Virgo and LIGO Observatories Spot Black Hole Collision

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Three different detectors, located thousands of miles apart, have collaborated to detect gravitational waves, which is expected to provide greater insights into the extraordinary mysteries of our universe. The discovery was done at 10:30:43 am on August 14, 2017, by Laser Interferometer Gravitational-Wave Observatory (LIGO) that are funded by the National Science Foundation (NSF) and are located at Livingston in Louisiana and Hanford in Washington, in association with the Virgo detector that is located close to Pisa in Italy and is funded by CNRS and INFN.

The Collision Produced Spinning Black Hole 53 times the Sun

According to NSF, less than a couple of years ago, its Laser Interferometer Gravitational Wave Observatory had detected first-ever gravitational waves, which was a result of collision of two black holes in a galaxy a billion light-years away from Earth. And now, they have successfully collaborated with Virgo gravitational-wave observatory to detect gravitational waves in the form of ripples in time and space that were emitted by the merger of two black holes. While one was 25 times the mass of out sun, the other was 31 times. This collision has caused a spinning black hole that is now 53 times the mass of the sun!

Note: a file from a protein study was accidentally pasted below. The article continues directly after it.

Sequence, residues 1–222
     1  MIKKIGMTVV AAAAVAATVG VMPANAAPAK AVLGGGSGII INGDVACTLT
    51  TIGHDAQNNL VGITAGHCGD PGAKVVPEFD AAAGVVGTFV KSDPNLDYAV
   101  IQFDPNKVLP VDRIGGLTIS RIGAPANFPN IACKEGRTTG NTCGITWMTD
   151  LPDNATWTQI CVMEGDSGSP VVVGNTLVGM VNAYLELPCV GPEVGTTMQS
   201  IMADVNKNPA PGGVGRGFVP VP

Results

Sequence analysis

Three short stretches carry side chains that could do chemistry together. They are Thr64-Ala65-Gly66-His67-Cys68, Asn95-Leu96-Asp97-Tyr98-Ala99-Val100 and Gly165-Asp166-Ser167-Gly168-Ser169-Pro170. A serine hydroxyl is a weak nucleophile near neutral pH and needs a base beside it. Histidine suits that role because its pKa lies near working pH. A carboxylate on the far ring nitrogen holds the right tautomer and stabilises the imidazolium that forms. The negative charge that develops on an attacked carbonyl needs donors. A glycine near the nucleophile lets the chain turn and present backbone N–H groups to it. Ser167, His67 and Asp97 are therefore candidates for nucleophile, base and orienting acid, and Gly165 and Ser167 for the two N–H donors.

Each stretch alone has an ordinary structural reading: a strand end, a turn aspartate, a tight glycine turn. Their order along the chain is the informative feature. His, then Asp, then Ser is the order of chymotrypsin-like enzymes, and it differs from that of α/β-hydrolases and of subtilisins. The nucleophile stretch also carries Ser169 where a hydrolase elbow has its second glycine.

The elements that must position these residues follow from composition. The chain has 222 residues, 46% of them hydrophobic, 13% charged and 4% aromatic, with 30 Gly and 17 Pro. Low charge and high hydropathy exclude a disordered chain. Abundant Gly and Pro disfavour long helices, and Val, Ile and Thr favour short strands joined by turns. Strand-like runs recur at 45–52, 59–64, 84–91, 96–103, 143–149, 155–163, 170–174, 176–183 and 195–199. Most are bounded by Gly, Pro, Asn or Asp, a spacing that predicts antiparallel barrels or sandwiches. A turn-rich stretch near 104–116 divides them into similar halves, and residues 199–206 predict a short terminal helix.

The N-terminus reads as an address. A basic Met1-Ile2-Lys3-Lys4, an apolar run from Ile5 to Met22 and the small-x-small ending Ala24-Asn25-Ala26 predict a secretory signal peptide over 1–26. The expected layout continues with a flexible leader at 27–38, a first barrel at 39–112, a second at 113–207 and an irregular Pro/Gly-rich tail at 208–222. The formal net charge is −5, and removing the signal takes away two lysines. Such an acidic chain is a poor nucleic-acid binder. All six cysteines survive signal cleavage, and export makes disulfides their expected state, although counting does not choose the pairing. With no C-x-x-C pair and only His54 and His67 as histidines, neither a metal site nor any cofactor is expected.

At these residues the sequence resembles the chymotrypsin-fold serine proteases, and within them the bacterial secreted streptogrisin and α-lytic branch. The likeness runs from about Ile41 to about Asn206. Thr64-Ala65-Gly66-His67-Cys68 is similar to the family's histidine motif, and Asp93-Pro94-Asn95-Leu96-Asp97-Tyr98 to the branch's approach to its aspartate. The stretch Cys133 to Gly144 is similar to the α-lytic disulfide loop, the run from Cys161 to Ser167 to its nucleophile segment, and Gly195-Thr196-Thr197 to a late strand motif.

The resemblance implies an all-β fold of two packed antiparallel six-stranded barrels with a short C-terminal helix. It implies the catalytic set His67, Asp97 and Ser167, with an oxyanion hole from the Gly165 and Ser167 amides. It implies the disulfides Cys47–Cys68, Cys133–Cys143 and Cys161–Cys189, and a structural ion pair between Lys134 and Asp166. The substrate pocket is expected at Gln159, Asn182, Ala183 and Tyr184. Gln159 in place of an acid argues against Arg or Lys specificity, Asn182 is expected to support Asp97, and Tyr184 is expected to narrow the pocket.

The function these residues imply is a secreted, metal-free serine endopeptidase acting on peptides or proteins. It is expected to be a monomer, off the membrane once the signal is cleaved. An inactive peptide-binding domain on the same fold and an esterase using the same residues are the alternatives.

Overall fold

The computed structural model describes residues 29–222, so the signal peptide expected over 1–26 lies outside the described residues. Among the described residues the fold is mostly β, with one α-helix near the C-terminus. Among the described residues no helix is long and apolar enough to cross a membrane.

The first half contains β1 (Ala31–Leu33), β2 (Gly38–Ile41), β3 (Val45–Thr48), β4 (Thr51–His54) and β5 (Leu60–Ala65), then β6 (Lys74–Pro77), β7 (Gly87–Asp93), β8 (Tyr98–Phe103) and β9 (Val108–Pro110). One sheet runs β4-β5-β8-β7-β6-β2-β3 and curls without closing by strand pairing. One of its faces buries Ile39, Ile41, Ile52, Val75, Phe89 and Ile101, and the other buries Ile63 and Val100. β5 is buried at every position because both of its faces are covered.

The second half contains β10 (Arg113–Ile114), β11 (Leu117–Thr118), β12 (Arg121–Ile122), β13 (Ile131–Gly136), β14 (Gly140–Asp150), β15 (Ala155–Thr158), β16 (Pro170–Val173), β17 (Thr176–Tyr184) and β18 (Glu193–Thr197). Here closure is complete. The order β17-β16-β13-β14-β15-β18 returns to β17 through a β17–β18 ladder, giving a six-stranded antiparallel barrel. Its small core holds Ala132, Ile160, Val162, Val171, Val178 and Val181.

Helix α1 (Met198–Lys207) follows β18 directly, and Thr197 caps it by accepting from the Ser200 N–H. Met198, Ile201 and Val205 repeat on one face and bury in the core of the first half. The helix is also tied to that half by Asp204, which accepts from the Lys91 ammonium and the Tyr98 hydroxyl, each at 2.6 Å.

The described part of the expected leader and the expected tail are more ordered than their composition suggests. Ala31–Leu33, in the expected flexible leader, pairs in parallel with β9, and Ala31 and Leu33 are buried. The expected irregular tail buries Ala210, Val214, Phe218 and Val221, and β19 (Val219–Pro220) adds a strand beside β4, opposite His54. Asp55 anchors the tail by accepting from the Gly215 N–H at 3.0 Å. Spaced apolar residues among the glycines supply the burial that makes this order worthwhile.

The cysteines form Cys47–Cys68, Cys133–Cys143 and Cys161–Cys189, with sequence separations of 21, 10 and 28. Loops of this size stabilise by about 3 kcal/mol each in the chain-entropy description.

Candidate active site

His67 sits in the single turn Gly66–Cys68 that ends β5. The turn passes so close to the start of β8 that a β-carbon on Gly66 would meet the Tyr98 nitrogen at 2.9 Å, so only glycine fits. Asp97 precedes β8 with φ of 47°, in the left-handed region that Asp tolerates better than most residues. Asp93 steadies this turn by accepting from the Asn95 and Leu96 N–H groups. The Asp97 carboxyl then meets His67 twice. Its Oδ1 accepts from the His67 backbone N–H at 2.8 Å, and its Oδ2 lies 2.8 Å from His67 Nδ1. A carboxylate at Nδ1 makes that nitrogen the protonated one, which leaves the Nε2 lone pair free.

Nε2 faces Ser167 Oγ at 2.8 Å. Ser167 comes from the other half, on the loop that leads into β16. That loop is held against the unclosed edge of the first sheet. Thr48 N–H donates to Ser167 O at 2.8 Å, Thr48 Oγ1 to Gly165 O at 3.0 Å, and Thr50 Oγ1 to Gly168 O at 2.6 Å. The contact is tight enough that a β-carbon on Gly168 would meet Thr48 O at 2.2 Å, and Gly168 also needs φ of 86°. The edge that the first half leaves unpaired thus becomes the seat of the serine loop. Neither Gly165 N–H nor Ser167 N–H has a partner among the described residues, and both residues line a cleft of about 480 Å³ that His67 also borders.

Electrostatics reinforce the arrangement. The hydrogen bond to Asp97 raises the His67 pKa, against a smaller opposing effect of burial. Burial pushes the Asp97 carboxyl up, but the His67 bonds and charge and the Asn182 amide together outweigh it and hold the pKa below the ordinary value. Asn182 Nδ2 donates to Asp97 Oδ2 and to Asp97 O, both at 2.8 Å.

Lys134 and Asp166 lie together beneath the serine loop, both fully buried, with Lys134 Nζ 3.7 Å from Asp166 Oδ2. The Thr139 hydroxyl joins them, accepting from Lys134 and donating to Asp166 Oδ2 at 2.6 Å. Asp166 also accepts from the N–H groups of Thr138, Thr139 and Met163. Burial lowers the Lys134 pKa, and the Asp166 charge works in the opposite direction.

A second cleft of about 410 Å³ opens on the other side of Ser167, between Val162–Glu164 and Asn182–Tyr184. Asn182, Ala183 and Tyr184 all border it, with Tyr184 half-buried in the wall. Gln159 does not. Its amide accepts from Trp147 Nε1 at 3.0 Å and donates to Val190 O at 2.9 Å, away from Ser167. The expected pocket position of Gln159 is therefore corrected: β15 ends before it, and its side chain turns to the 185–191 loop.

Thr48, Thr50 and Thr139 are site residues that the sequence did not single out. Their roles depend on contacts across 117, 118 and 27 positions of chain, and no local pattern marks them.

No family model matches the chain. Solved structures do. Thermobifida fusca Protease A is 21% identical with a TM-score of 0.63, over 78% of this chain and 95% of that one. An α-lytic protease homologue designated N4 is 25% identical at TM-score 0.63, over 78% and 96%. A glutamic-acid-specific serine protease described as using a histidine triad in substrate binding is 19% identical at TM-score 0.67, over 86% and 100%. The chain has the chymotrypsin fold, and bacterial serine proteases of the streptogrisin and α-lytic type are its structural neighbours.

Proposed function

As per David Shoemaker from the MIT, the spokesperson of LSC, these discoveries will pave a way for joint observations by LIGO and Virgo, with the next observational-run schedule for fall 2018. This marks great progress of the new Virgo detector that is best of its kind and has made its first observation within two weeks of official data crunching.

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